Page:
FEMA defends Sandy response efforts
STEPHON JOHNSON Amsterdam News Staff | 11/29/2012, 3:33 p.m.
It came as a surprise. Members of the Federal Emergency Management Agency (FEMA) and the Small Business Administration (SBA) showed up unannounced at the AmNews offices. With the many complaints that FEMA has received among Hurricane Sandy victims, it was high time for the government entity to explain some of their actions and potentially counter stories that the AmNews heard on the ground.
FEMA representatives Victor Inge and Michael Skeels and SBA spokesperson Matthew Young sat down with the AmNews to discuss the recovery efforts, the reaction to said efforts and the real role of FEMA after a natural disaster. The AmNews asked all parties involved to address the belief among some members of volunteer organizations and members of the Occupy movement that they were outperforming them in recovery relief.
Inge did most of the talking.
"I think the problem is the lack of understanding of what we do versus what they do," said Inge. "In any situation, the people who have been impacted, [the] knee-jerk reaction is towards us. We're the ones they know, but they don't exactly know what we do until we begin to provide our services."
Inge proceeded to explain the origins of FEMA, established through the Robert T. Stafford Act of 1988, and how FEMA's role is to assess damage and direct victims to the best possible government service to address their needs, which is usually the SBA. Young said the SBA "gives out low-
interest loans to renters, homeowners and businesses of all sizes."
Inge also told the AmNews that FEMA isn't the first and last people on the ground during the disaster recovery effort.
"At that point, we're pre-staging supplies, ramping up and getting ready to go in," said Inge regarding the start of recovery efforts. "The Red Cross initially goes in, and the people you spoke of--the churches, the people who actually live there--that's the part that they're seeing. We come in after the president's signed a national disaster declaration. We've actually been here faster because of the knowledge that it was coming."
But some storm victims have also had a hard time taking the Red Cross seriously. On Tuesday, people who were displaced by Sandy protested in front of its Manhattan headquarters, accusing the organization of neglecting them and leaving it to themselves to find food and medical relief. That organization wasn't immune to criticism either.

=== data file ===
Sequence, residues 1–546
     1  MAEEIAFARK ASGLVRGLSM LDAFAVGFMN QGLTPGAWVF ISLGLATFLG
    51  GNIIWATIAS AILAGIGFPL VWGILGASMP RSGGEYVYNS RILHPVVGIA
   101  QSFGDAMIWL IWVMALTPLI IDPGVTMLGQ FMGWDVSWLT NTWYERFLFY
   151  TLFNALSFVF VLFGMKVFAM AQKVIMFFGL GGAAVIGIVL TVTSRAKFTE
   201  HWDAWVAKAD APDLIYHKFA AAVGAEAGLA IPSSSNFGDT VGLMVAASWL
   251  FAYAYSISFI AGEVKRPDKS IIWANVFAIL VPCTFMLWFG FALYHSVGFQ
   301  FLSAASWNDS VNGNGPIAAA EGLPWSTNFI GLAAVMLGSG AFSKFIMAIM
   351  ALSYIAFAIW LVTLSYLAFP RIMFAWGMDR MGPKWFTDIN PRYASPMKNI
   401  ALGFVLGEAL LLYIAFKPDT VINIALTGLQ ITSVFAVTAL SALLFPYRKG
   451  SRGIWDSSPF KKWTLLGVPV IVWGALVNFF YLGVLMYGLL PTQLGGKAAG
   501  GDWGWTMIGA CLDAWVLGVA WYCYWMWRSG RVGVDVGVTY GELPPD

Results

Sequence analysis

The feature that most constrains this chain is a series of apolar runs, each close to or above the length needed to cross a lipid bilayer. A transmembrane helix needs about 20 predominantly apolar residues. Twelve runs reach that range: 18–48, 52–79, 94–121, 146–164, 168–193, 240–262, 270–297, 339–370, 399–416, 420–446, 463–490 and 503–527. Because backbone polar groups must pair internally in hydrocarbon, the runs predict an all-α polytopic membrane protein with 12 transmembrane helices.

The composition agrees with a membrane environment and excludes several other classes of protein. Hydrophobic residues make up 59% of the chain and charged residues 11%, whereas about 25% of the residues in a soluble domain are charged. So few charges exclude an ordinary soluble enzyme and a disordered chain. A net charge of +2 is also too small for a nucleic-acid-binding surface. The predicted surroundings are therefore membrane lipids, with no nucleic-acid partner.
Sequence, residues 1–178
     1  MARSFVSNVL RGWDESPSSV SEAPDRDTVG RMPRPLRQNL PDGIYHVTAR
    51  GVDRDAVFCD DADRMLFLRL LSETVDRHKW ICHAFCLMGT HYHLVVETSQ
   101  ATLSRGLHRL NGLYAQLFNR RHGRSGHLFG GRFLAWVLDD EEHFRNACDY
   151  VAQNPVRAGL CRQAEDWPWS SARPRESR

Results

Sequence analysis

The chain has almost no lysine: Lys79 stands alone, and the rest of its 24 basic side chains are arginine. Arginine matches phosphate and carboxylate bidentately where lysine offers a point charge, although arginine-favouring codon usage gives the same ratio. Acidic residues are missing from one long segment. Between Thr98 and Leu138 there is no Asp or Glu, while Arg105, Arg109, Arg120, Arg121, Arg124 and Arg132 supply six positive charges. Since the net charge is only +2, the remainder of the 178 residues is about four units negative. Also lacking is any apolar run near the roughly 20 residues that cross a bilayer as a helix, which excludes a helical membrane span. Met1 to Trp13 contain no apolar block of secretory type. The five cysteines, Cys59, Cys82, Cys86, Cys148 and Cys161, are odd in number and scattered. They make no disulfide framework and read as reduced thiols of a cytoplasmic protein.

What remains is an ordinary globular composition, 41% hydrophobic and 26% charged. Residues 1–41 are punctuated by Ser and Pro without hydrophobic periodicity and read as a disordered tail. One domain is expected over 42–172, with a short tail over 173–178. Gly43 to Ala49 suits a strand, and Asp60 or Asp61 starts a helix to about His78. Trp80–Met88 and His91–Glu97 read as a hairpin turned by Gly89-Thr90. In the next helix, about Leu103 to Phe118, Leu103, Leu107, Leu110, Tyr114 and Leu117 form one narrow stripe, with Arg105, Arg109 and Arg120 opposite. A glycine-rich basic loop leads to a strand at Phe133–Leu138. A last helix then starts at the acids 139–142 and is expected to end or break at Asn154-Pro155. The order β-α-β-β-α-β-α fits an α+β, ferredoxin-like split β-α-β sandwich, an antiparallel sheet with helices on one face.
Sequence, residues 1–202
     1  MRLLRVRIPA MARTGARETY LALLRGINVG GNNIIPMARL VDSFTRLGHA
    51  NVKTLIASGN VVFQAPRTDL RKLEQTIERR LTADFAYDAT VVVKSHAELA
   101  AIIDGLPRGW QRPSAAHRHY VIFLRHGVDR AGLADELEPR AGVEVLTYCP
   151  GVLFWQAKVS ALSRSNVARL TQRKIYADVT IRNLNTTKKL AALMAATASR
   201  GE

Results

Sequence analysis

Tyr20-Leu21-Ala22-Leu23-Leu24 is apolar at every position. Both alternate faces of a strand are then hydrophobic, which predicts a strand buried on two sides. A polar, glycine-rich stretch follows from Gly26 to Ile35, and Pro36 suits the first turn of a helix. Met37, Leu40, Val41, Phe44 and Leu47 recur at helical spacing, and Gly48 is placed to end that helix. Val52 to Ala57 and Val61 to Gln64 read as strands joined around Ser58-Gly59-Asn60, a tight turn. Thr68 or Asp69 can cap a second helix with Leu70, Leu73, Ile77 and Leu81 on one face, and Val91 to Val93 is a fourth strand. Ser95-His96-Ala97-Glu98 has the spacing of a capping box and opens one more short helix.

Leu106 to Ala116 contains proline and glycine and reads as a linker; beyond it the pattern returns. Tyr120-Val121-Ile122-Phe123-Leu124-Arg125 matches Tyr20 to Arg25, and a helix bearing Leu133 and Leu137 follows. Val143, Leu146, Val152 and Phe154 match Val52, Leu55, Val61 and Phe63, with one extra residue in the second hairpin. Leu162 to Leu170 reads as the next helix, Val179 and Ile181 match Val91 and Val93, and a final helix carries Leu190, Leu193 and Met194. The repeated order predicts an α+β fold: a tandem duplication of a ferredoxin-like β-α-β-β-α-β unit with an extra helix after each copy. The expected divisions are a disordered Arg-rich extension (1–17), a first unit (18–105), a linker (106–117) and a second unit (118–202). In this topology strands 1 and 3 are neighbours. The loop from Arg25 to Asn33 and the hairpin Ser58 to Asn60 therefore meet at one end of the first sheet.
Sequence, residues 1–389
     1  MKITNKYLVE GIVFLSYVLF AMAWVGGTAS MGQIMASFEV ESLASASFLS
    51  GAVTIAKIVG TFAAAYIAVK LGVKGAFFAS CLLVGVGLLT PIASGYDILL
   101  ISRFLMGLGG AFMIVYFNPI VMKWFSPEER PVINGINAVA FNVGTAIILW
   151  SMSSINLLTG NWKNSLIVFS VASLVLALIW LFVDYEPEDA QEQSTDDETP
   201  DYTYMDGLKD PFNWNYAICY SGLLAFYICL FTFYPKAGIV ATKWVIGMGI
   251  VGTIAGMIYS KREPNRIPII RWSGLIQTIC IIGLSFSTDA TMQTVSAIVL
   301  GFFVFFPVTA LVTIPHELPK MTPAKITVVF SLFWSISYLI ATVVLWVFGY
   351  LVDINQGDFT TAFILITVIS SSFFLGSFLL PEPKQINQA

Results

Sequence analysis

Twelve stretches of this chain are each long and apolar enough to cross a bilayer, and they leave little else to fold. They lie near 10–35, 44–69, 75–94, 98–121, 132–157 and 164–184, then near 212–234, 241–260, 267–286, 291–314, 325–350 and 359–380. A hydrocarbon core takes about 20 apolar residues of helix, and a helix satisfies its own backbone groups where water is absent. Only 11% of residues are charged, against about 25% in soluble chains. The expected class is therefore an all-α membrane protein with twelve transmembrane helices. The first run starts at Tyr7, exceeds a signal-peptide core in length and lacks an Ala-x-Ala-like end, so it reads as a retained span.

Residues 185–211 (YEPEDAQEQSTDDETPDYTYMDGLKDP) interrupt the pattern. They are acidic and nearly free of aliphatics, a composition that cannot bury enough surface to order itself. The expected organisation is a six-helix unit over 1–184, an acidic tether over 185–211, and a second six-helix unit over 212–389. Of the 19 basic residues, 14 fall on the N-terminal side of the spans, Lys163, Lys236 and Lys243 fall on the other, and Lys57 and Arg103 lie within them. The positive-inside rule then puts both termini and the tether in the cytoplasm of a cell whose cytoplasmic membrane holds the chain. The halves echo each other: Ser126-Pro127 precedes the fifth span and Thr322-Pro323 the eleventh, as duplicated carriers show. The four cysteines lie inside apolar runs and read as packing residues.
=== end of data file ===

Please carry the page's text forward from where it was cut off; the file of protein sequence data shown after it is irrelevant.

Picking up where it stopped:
According to FEMA's latest numbers, over 234,000 New Yorkers affected by Sandy have registered for assistance or contacted them for information. Over $690 million has been approved for Sandy victims as well. (Those who still need to contact FEMA can go to www.disasterassistance.gov or m.fema.gov on their mobile phone.)
According to Inge, over 1,200 FEMA communication specialists are walking around and giving out information, telling people how to get in touch with them. But the AmNews has learned of several hard hit areas, especially in New York City public housing like Coney Island, where people have not gone door-to-door but left flyers filled with information either in the lobby or under benches next to other buildings.
"They may not have been there when our people came through," said Inge.
With FEMA not exactly on everyone's Christmas list since post-Katrina, Inge said he understood that people in dire straits would be angry and need someone to blame. "They can blame us. I understand," he said. As of right now, he and FEMA might have to get used to it.
For those in the Harlem area, there are three different Assistance Recovery Stations at Colon Plaza, 55 E. 115th St.; the Bonificio Cora Texidor, 3-7 E. 116th St.; and Joseph Yancy HFDC, 140 W. 142nd St. All locations are open on weekdays from 10 a.m. to 5 p.m. Bonificio Cora Texidor is open on the weekends from 9 a.m. to 3 p.m. All locations will close for good on Dec. 7.